With an assured source of income from the town and the company’s existence affirmed, due to William E. Hull’s efforts, thoughts turned to a permanent fire station. After months of discussion, six county-owned lots at the corner of Route 5 and Clifton parkway were bought for a total of $800. Mr. Doll was authorized to prepare plans and specifications for a two-story 26 x 74 colonial-type-architecture building with three equipment bays and an upstairs hall for banquets and recreation. Member G. Benjamin Werner pushed for a large upstairs hall to be used for basketball.
    The property was subsequently traded to the Buffalo-Mount Vernon Development Company for a tract on Route 5 near Rogers Road that was three times as large.
Meanwhile, the Pierce Arrow-Cord hybrid truck, having outlived its usefulness and being without garage space, was sold for $50. The company replaced the old Pepsi truck with a 1941 Ford panel truck bought from the American Red cross for $568. One-third of the company income was used to buy Victory bonds in anticipation of the new fire hall.
    Mr. Doll completed the building plans, they were approved and materials were stockpiled. But there was to be an unexpected delay.

1947 – 1956

    The wail of a fire siren cut through the crisp winter air of December 27, 1947. it was not a call for assistance-rather it was a call for celebration. After a 20-month legal battle, former State Supreme Court Justice Parton Swift, acting as referee, cleared the way for the fire company to proceed with the plan to build a new station near the intersection of Lake Shore Road and Rogers Road.
     The decision stemmed from litigation began in 1946 when several members of the Mount Vernon Civic Association challenged the legality of the sale of the property to the company. They claimed it had been designated as a park and sought an injunction barring the sale.
    The plaintiffs contended that when they bought their building lots, the Buffalo-Mount Vernon Development Company had represented the property as a public park and it had been used as such for many years. They said the development company and its predecessor, the Rickaby Corporation, had claimed tax exemption for the tract for more than twenty years and had asked that it be turned to the tax rolls in 1944 for the sole purpose of commercial exploitation.
    They insisted that their quarrel was with the realty company, not the fire company, but the company joined in the lawsuit as a vitally interested party.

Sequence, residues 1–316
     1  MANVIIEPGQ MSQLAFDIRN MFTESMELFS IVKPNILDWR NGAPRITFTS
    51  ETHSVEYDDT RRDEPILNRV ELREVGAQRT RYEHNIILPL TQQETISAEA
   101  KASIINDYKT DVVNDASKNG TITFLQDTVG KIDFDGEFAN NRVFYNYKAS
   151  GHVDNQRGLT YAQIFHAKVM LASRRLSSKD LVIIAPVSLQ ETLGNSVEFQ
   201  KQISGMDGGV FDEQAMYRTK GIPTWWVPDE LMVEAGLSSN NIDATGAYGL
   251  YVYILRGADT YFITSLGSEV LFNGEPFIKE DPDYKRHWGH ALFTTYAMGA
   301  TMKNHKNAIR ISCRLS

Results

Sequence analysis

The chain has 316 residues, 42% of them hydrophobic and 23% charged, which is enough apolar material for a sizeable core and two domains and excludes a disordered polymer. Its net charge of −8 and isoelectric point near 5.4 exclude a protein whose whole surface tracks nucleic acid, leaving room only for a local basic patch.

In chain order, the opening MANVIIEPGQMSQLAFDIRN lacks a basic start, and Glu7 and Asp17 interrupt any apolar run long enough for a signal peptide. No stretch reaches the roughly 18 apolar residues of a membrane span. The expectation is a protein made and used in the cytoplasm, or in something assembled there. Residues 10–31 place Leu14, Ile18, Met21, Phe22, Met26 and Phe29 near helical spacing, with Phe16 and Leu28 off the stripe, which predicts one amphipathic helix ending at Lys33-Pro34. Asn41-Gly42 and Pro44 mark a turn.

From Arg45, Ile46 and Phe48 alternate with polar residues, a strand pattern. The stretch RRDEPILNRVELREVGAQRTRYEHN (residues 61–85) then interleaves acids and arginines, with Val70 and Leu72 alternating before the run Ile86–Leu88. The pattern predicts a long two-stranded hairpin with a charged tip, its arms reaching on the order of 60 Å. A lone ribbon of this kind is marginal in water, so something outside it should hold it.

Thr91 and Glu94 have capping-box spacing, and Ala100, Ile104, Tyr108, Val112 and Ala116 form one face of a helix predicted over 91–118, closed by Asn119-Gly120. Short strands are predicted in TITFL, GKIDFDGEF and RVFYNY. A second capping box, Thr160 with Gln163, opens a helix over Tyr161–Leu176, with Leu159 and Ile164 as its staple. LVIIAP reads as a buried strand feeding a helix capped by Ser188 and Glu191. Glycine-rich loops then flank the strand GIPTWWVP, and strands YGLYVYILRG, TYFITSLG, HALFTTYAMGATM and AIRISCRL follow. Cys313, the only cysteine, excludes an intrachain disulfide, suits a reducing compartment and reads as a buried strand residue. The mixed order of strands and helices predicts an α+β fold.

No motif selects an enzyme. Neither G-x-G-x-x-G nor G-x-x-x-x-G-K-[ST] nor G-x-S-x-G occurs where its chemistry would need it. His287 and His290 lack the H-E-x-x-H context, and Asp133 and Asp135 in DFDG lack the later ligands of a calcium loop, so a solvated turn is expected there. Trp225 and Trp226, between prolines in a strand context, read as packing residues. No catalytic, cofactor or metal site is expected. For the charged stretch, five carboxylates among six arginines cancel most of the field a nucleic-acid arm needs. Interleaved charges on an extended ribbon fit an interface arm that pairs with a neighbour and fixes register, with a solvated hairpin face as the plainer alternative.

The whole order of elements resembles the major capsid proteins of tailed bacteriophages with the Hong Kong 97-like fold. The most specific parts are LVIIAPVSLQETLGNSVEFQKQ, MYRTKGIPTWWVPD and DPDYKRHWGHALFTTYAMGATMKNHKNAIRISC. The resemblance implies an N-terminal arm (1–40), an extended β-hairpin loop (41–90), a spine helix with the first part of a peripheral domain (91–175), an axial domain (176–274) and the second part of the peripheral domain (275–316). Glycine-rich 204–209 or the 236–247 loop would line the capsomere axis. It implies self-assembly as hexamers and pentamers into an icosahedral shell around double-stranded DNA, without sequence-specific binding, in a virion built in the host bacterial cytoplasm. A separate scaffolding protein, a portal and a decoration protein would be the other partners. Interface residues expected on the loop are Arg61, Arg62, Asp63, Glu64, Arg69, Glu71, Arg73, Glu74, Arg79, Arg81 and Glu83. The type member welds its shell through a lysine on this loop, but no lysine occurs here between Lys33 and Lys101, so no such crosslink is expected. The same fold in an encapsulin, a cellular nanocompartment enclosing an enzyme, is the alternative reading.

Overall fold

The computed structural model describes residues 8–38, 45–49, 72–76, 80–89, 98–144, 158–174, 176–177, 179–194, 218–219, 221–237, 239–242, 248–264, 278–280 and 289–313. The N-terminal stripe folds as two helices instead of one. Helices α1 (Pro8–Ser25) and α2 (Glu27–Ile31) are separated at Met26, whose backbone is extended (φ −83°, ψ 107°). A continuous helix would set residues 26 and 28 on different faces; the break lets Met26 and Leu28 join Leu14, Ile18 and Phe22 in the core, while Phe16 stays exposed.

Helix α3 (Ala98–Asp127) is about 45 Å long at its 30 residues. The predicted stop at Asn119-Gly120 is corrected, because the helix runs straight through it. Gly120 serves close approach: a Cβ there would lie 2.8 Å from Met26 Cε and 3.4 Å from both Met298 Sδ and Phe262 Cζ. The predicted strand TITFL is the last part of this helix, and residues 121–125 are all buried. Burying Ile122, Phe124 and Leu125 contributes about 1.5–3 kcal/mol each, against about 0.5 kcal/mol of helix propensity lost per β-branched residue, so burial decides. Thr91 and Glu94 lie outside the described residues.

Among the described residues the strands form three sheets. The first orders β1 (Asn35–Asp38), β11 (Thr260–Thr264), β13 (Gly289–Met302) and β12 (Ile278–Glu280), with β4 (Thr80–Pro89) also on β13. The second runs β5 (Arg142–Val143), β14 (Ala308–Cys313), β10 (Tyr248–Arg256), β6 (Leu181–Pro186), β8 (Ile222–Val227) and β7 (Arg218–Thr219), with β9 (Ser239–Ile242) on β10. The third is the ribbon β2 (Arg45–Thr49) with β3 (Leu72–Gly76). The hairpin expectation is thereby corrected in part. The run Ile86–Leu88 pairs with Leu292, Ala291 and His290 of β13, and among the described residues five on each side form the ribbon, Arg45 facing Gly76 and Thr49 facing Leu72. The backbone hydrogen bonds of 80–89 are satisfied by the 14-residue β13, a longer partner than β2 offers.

Judge Swift ruled that the plaintiffs had failed to establish any rights, title or interests in the so-called park area. The disputed land had never been plotted on any map from which a park dedication could be claimed, nor was any mention of any park privileges in deeds held by plaintiffs, he said. The lawsuit in estimation, is believed to have cost the fire company and residents upwards of $20,000.
    Space at the original fire station had become critical during the protracted litigation. Early in 1947, the company had accepted a 1000-gallon tank truck from the Town of Hamburg with no place to store it. Under the direction of Mr. Doll. A temporary lean-to was built on the East side of the fire station by volunteer labor and $100 in materials. It was then discovered that the dirt floor would not support the weight of the tanker and it was getting stuck while in quarters. Gravel fill solved the problem.
    Money was an ever present concern. Almost $2,000 was raise by a variety show, the annual Field Days brought in a similar amount and several dinners and dances added to the treasury. Even the new tank truck was put to profitable use by hauling water to district residents who had no water lines at five dollars a load.
When other fire companies who shared the use of the truck with Lake Shore objected, the practice was discontinued and the pumper was substituted at a fee of three dollars a load.
    By the end of 1947, the 1938 note at the Peoples Bank had been paid, the company was debt-free and there was almost $2,000 in the bank toward the cost of the new fire hall.
    Plans for building began as soon as the legal battle ended. Mr. Doll was awarded a contract to erect the new facility at an estimated cost of $40,000. A $45,000 mortgage was negotiated with Marine Trust Co. and Peoples Bank at an interest rate of 4.5 percent payable in twenty years.